Project description:BACKGROUND:Arterial stiffness is an independent predictor of cardiovascular disease (CVD) morbidity and mortality. A risk factor-independent association of arterial stiffness with traditional lipids has been described extensively, but it is still unclear whether an independent relationship exists between arterial stiffness and particles of lipoprotein subclasses. METHODS:The Baptist Employee Healthy Heart Study (BEHHS) is a lifestyle intervention study examining the effects of web-based programs on reducing CVD risk in high-risk persons. Participants had their brachial arterial augmentation index (AI, a measure arterial stiffness) assessed using the EndoPAT 2000 device. Cardio IQ™ ion mobility lipoprotein fractionation was utilized for measurement of particles of lipoprotein subclasses. RESULTS:The population consisted of 182 participants, (74% women, 49% Hispanic) with a mean age of 52 ± 9?years. There was a significant trend association between quartiles of AI and total cholesterol, HDL-c, large LDL-p, small IDL-p, large IDL-p, and all subclasses of HDL particles (total HDL-p, small HDL-p, and large HDL-p). In logistic regression analysis, only HDL-c, total LDL-p, large LDL-p, small IDL-p, large IDL-p, total HDL-p, small HDL-p, and large HDL-p demonstrated significant independent association with AI. CONCLUSION:Several lipoprotein subclasses demonstrate independent significant associations with arterial stiffness. A safe and relatively inexpensive blood test may be useful in identifying subclinical atherosclerosis process in a relatively young high CVD risk population. TRIAL REGISTRATION:ClinicalTrials.gov, NCT01912209. Registered July 31, 2013.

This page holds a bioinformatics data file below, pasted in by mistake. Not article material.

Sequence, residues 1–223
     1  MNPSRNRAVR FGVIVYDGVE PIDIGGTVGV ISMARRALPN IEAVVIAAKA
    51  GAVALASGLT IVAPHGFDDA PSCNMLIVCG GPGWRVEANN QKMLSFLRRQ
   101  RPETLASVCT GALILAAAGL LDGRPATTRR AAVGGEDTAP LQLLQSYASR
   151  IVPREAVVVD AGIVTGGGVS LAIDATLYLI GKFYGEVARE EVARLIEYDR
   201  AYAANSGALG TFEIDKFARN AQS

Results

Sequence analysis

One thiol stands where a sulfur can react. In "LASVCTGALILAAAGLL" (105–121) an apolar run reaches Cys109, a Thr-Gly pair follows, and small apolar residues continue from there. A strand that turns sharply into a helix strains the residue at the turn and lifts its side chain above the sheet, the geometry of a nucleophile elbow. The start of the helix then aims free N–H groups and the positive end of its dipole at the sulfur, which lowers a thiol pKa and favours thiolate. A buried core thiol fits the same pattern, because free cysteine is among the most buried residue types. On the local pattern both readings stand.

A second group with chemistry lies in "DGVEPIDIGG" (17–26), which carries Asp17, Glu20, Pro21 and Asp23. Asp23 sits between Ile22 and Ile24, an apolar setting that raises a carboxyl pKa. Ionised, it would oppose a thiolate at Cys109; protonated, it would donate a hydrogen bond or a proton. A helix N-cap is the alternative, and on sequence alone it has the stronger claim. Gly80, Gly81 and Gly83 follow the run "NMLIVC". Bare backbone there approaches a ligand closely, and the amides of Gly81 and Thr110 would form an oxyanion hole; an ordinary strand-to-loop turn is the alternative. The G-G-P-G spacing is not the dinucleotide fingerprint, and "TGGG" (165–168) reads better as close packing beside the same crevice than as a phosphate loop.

Project description:BACKGROUND: CETP is a plasma protein that modulates atherosclerosis risk through its HDL-cholesterol reducing action. The aim of this work was to examine the effect of the PPARalpha agonist, ciprofibrate, on the CETP gene expression, in the presence and absence of apolipoprotein (apo) CIII induced hypertriglyceridemia, and its impact on the HDL metabolism. RESULTS: Mice expressing apo CIII and/or CETP and non-transgenic littermates (CIII, CIII/CETP, CETP, non-Tg) were treated with ciprofibrate during 3 weeks. Drug treatment reduced plasma triglycerides (30-43%) and non-esterified fatty acids (19-47%) levels. Cholesterol (chol) distribution in plasma lipoprotein responses to ciprofibrate treatment was dependent on the genotypes. Treated CIII expressing mice presented elevation in VLDL-chol and reduction in HDL-chol. Treated CETP expressing mice responded with reduction in LDL-chol whereas in non-Tg mice the LDL-chol increased. In addition, ciprofibrate increased plasma post heparin lipoprotein lipase activity (1.3-2.1 fold) in all groups but hepatic lipase activity decreased in treated CETP and non-Tg mice. Plasma CETP activity and liver CETP mRNA levels were significantly increased in treated CIII/CETP and CETP mice (30-100%). Kinetic studies with 3H-cholesteryl ether (CEt) labelled HDL showed a 50% reduction in the 3H-CEt found in the LDL fraction in ciprofibrate treated compared to non-treated CETP mice. This means that 3H-CEt transferred from HDL to LDL was more efficiently removed from the plasma in the fibrate treated mice. Accordingly, the amount of 3H-CEt recovered in the liver 6 hours after HDL injection was increased by 35%. CONCLUSION: Together these data showed that the PPARalpha agonist ciprofibrate stimulates CETP gene expression and changes the cholesterol flow through the reverse cholesterol transport, increasing plasma cholesterol removal through LDL.